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Any Hardware Company Not Investing Big in Cloud is Nuts

Posted by Bob Warfield on April 7, 2011

If the Cloud is here to stay, and the trend to move apps into the Cloud is only going to get stronger, then any hardware or infrastructure company that doesn’t invest big in the Cloud is nuts.

The problem these vendors face is “Cloud as disintermediator”.  Companies that buy into the Cloud are letting the Cloud purveyor make the datacenter decisions.  And Clouds aggregate a lot of those decisions under one roof to gain their economies of scale.  It’s like waking up one morning as a hardware vendor and discovering your best customers had switched to another hardware vendor.  The difference, is you can see it coming and you have a chance to do something about it.

In fact, hardware and infrastructure vendors have quite a lot they can do about it:

- Make it a point not to lose Cloud deals.  When Cloud vendors come knocking, lock them up.  There can’t be as many Clouds as there are traditional vendors, and each one will have a lot of inertia to stay with their original infrastructure choices.  Make sure they choose you.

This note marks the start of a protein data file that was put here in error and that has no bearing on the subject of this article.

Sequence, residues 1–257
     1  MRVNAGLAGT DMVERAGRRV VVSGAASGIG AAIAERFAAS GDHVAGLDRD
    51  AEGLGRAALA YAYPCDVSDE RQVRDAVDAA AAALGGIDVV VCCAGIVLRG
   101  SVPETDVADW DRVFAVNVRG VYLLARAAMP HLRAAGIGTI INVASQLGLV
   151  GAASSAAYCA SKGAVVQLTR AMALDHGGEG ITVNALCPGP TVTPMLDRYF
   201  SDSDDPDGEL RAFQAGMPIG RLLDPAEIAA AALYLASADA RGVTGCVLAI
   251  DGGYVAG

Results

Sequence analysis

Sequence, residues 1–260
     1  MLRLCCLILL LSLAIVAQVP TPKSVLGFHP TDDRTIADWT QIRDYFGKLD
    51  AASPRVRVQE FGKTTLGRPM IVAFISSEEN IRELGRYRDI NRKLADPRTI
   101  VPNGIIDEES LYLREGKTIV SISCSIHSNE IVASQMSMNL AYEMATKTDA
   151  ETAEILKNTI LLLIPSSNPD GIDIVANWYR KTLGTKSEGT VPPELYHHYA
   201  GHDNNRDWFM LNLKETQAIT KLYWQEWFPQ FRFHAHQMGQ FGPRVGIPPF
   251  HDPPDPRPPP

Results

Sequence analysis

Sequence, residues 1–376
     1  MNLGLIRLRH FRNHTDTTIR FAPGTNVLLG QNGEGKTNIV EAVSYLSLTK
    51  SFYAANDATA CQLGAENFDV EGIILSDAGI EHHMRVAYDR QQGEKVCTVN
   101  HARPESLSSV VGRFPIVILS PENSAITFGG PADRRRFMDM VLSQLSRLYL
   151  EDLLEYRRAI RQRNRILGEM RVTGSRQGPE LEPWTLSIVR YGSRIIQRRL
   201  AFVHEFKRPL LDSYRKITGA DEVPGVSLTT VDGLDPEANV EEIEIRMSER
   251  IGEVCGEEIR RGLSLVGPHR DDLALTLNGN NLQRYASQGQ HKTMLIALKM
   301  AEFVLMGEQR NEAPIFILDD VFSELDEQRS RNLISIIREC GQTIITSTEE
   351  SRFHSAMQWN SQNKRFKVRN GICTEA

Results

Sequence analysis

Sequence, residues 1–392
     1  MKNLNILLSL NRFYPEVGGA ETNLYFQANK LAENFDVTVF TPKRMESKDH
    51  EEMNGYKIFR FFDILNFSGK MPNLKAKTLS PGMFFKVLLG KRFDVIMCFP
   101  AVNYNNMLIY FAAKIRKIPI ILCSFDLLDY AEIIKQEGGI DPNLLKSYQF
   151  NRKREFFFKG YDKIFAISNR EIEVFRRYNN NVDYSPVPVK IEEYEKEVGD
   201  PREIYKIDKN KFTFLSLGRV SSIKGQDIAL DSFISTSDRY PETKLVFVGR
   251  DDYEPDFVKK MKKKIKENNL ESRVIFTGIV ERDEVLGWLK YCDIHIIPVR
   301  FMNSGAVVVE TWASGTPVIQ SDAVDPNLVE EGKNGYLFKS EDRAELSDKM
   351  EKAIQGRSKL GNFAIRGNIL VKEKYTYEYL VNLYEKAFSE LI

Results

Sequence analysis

- Start your own Cloud.  This one may be pretty risky if it locks you out of being the basic nuts and bolts of other popular Clouds, but you have to at least consider it.  At the same time, Cloud vendors will need to decide how they feel about using say IBM hardware with IBM pushing their own Cloud.  It muddies the waters.

- Invest in building products that are uniquely suited to the Cloud.  There’ve been some fascinating glimpses of what large scale Cloud data centers need.  There is a ton of intellectual property opportunity in the world of the Cloud.  Now is the time to start staking your claims to it.  Get out your blank sheets of paper, sign up with some big Clouds to work on their needs, and you will wind up with some good ideas.  That’s only the start.  In the commodity world of the Cloud, execution will be everything.

- While we’re on the subject of execution, think what the razor thin margins demanded by the Cloud mean to your business model of today.  Think what they mean to the needs of the Cloud vendors.  Skate as fast as you can to where that puck is going to be.